I study families of children with autism and other developmental disabilities and the delivery of evidence-based interventions and practices in community settings. My research seeks to promote equity in care for children with disabilities and their families by studying the use of culturally responsive and research-supported practices with traditionally underserved populations (e.g., families from low income and/or racial/ethnic minoritized backgrounds). To achieve this, I use community-partnered approaches and implementation science methods and frameworks.  I have a particular interest in researching best practices for engaging families in their child’s care.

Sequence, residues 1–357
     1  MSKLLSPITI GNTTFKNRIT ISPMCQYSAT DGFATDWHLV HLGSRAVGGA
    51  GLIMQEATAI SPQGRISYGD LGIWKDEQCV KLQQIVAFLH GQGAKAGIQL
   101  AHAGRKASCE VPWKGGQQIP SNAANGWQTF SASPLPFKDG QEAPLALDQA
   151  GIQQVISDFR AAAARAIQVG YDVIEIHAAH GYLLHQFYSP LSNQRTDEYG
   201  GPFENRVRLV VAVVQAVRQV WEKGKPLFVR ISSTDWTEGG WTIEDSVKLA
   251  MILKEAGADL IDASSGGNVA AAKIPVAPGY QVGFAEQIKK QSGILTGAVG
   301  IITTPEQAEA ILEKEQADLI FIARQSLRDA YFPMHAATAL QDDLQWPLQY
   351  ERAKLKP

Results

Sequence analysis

Dan Chiappe (Dan.Chiappe@csulb.edu) *not taking students at this time
My basic research interests are in the areas of cognitive science, positive psychology, evolution psychology, and Human Factors. My current cognitive research is in the area of rationality, with a focus on the sociality of reasoning, as well as in the area of extended cognition and memory offloading. My positive psychology research focuses on testing the effectiveness of positive psychological interventions in improving psychological well-being and health behaviors. My recent evolutionary psychology research has focused on the role of humor in human mating. Finally, my Human Factors research focuses of team processes that enable collective agency and presence in remote environments.


Young-HeeYoung-Hee Cho (Young-Hee.Cho@csulb.edu) *not taking students for 2023-24